Key Takeaways
  • Dietary supplements for sleep may promote relaxation, but are not closely regulated by the FDA.
  • There is not enough research to say whether melatonin is safe for kids.
  • Speak to a doctor or pediatrician before administering supplements to children.
  • Changes to a bedtime routine and sleep environment often help to reduce sleep resistance and improve a child’s sleep.

Sleep problems are estimated to occur in approximately 20% to 30% of children. Many parents and caregivers turn to prescription medications, supplements, and over-the-counter drugs to address these issues. We discuss the benefits and risks of sleep aids for kids, commonly used sleep aids for children, and alternative methods to improve sleep.


Melatonin is a naturally occurring hormone that prepares the body for sleep. Typically, the body ramps up melatonin production when it becomes dark. People can also take melatonin supplements to help regulate their sleep-wake cycle.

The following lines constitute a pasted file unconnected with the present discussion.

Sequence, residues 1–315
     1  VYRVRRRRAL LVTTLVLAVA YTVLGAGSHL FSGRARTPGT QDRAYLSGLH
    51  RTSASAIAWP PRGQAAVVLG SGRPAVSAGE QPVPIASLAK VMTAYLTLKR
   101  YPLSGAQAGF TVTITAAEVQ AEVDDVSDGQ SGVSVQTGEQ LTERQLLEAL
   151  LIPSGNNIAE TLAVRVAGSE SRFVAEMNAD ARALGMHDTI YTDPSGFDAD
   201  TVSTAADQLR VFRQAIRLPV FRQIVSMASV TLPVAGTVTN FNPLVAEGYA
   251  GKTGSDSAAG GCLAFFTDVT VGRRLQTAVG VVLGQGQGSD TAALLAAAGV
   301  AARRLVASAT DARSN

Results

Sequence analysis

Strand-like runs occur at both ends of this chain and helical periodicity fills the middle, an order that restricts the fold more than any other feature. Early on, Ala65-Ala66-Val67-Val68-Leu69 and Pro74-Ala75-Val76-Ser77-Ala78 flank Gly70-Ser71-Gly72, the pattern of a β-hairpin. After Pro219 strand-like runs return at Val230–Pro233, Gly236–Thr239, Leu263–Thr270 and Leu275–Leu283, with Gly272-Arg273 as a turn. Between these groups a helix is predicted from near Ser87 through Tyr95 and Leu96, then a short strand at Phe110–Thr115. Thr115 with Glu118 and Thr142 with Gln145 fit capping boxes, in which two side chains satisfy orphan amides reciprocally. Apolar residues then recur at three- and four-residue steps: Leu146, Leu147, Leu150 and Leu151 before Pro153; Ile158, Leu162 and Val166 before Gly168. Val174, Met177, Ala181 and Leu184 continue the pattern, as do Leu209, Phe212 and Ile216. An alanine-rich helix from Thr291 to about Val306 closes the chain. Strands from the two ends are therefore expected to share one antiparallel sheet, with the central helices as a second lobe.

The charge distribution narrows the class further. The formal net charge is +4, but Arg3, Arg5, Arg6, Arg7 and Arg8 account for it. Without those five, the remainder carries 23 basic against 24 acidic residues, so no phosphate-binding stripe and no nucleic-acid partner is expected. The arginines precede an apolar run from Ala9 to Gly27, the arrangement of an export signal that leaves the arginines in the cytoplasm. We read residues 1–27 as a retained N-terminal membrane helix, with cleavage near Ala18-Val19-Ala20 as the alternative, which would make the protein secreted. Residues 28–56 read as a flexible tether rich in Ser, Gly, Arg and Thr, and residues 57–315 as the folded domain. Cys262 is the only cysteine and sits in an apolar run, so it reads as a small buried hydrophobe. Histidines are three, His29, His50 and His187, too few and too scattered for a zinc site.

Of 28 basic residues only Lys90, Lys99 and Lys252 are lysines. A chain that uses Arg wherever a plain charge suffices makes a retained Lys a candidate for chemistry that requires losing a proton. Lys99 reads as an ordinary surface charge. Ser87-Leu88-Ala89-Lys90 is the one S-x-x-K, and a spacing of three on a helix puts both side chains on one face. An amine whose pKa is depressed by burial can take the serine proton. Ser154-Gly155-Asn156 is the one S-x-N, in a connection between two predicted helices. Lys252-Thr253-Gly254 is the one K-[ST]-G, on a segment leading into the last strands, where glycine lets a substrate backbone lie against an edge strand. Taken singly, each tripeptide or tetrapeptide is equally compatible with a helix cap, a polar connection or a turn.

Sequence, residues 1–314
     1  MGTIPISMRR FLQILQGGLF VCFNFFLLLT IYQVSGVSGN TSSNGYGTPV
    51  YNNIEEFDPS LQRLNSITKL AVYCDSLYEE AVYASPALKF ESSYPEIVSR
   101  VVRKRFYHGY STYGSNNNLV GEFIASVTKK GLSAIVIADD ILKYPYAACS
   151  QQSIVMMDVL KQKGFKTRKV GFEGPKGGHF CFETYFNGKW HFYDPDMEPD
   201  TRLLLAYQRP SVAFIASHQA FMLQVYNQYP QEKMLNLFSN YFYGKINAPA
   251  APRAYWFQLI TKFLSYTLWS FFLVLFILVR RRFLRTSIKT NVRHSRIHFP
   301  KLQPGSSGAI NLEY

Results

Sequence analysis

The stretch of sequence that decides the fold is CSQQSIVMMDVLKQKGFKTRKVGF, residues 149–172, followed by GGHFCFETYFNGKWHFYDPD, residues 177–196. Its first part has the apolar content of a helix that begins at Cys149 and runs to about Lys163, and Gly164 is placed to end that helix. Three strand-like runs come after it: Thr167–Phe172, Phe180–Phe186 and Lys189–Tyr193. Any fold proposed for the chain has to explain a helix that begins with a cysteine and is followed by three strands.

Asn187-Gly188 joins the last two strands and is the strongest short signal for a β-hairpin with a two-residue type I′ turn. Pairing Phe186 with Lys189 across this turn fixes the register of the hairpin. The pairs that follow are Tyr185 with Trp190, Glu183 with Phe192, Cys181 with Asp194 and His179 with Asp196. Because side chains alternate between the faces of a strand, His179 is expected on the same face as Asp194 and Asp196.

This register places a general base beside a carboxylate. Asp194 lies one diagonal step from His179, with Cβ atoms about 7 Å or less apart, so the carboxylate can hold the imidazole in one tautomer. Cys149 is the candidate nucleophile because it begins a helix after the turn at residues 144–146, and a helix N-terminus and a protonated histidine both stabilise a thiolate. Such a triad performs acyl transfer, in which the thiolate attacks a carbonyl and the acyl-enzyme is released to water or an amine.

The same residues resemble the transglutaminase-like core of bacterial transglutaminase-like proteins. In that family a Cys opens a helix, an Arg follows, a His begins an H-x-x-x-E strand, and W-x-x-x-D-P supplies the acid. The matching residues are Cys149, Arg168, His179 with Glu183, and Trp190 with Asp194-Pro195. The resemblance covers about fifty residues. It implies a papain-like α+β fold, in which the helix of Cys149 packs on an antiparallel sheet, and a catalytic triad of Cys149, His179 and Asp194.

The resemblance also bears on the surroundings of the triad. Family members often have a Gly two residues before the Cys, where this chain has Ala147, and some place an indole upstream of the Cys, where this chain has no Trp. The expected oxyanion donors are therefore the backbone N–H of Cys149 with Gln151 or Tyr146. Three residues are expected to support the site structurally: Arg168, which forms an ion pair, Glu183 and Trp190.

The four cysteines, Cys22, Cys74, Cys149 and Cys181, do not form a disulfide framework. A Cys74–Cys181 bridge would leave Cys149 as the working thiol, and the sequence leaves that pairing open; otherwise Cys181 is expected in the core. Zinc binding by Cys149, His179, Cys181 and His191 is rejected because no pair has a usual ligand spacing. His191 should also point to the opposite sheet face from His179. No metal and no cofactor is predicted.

Melatonin supplements are most effective at moving sleep times earlier for people whose circadian rhythm, their internal 24-hour clock, naturally runs later than average. Although more research is needed on melatonin for children, evidence suggests that melatonin may also help children with insomnia, including those living with attention deficit hyperactivity disorder or autism spectrum disorder.

Is Melatonin Safe for Kids?

Research on prolonged use of melatonin in children has not found evidence of significant side effects, though studies suggest melatonin supplements could interfere with a child’s development. Short-term side effects may include headaches, agitation, bedwetting, dizziness, and daytime sleepiness. Long-term, melatonin use may trigger early puberty if a child stops taking the supplement.

The Food and Drug Administration (FDA) does not classify melatonin as a drug, so melatonin supplements are not closely regulated. Melatonin supplements may contain more or less melatonin than what is stated on the package, or they may contain unlisted ingredients.